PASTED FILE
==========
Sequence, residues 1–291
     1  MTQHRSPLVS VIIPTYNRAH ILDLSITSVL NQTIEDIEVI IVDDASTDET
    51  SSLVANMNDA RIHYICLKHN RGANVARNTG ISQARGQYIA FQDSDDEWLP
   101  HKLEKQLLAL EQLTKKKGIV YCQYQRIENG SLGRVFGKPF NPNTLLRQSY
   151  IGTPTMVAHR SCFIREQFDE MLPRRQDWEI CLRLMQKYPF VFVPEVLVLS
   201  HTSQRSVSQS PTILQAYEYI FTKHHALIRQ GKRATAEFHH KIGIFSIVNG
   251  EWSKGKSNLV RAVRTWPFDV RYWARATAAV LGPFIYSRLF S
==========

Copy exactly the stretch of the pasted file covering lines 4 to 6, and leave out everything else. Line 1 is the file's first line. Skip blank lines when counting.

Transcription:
   101  HKLEKQLLAL EQLTKKKGIV YCQYQRIENG SLGRVFGKPF NPNTLLRQSY
   151  IGTPTMVAHR SCFIREQFDE MLPRRQDWEI CLRLMQKYPF VFVPEVLVLS
   201  HTSQRSVSQS PTILQAYEYI FTKHHALIRQ GKRATAEFHH KIGIFSIVNG